How much money are you going to invest in an HF/VHF/UHF go-kit station?  By the time you get done purchasing the radio, tuner, power supply, and iportable case, you will be looking at $1,500 at least.  In a typical scenario involving flooding, it is raining and there are water puddles everywhere.  So to protect your expensive radio equipment, you will have to stick it inside a large garbage bag to keep it dry while transporting it between the house and the vehicle, and then from the vehicle to your assigned location.  Do you think people at the shelter or the EOC will be impressed with your radio equipment when you walk in carrying a garbage bag?

The Gator brand equipment cases, such as the 4U model, have cam-lock latches that hold the front and rear covers on.  Inside they have a standard 19-inch wide rack frame for mounting equipment.  They are commonly used by traveling bands to hold their amplifiers and mixing boards.  They are available with rubber shock mounts suspending the internal frame.  They serve both to transport the equipment, as well as a means to operate the equipment from within a protective housing. When the front and back covers are closed up they do a good job of keeping the moisture out.  They are not 100% waterproof, so don't leave your gear sitting out in the weather unprotected for a long period of time.  But they will keep the contents dry during the move between house/vehicle/building.  Once inside the building, you remove the front and rear covers, pull out the power cord from the back side and connect the coaxial cable(s) for the external antenna(s). 

As mentioned with the Hardigg cases, there is a limit on the size of case you can use before it exceeds what one person can comfortably carry.  The Hardigg cases are great for protecting the equipment during transport.  I prefer the Gator case approach because it both protects the equipment and allows you to operate the equipment from within the case.  Both the Hardigg and Gator equipment cases are expensive – but worth it in the long term.  If done right, the Gator 4U case will allow you to use your rig at home everyday – but with the option of being swiftly packed up and transported to wherever it is needed.  There are other manufacturers of equipment cases similar to the Gator brand.  Further research will provide other options if the Gator is not to your liking.  Hardigg also makes rack-mount cases with an internal shock-mounted frame similar to the Gator design.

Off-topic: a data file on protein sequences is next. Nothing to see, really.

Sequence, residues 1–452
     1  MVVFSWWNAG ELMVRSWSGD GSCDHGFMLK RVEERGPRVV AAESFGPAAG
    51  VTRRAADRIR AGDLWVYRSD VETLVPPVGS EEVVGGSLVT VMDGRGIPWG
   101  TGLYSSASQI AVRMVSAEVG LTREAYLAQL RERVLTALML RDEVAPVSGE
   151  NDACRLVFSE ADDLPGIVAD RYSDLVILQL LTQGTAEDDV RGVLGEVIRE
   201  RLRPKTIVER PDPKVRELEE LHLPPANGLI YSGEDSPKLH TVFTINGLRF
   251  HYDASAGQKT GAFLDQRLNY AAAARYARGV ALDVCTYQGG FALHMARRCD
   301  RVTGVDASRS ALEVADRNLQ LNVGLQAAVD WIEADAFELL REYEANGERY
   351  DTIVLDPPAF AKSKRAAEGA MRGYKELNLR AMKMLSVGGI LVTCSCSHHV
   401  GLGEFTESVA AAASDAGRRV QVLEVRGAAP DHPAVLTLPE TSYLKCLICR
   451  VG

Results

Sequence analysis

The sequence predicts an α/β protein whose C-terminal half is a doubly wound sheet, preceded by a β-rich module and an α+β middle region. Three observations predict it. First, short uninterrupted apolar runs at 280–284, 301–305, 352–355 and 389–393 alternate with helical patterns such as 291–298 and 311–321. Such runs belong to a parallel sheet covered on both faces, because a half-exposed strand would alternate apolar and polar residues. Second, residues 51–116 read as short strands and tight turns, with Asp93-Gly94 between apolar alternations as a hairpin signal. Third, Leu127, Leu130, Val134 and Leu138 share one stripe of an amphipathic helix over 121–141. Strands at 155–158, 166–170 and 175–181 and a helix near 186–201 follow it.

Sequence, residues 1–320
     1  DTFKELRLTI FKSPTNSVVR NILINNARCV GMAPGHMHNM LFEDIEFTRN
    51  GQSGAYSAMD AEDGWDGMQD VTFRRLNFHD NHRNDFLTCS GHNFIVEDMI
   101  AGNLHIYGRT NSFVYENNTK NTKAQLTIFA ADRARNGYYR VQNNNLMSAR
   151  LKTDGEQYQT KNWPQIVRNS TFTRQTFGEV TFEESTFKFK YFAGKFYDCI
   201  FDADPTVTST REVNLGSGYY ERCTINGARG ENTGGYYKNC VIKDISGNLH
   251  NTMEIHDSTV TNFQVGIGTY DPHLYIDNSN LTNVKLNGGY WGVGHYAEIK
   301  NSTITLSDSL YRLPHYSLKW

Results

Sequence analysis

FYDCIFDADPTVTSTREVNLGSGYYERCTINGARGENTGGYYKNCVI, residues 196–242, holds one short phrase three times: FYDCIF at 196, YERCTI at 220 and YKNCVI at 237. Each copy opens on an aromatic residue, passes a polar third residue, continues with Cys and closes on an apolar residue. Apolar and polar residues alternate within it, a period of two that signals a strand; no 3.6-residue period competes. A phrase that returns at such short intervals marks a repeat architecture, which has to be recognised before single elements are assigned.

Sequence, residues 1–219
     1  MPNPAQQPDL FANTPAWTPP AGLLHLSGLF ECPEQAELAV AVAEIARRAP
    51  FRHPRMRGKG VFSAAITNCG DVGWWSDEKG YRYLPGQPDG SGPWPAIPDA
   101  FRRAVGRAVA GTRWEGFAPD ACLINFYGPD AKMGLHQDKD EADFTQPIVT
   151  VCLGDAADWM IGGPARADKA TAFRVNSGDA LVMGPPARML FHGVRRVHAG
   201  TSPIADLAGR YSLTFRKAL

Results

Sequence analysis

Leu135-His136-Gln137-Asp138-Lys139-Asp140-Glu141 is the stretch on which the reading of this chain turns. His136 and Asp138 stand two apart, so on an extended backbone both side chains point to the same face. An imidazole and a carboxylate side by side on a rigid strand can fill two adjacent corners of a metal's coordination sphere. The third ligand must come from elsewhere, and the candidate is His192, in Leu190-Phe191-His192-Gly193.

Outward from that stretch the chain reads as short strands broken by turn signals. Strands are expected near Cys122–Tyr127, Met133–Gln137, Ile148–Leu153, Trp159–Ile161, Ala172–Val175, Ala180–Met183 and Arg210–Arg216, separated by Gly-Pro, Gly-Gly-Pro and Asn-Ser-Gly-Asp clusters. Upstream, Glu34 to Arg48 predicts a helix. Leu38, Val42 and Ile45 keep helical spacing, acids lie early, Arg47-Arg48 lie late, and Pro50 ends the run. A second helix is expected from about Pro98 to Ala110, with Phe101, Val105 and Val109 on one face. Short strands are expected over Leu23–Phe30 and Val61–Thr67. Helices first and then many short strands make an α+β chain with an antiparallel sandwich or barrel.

For a low cost approach, consider the various cases made by MTM.  The SPUD-2 and SPUD-7 can be used for VHF/UHF radio kits (SPUD-2) or larger HF radio kits (SPUD-7).  The secret is to mount all the equipment to an internal frame that can be slid into the case.  A power cord “pig tail” and a similar coaxial cable “pig tail” run from the back of the equipment and hang out the front of the case during use.  When not in use, the pig tails are tucked inside the case and the lid closed.  This way no holes are needed in the case itself, which preserves the weather seal.  If it is hot weather, such as during western wildfire season, the entire radio kit can be slid out of the case for added air flow.  If the case is ever damaged by rough handling during transport, replacement is simply a matter of sliding the radio kit out and then into the replacement case.  No remounting of equipment or hardware is necessary due to everything being attached to the internal frame.  I learned about this “orange box” design approach after seeing several examples built by Jeff Schneller, N2HPO, for the Salvation Army SATERN program.  He put a lot of time and effort into designing a radio go-kit that works!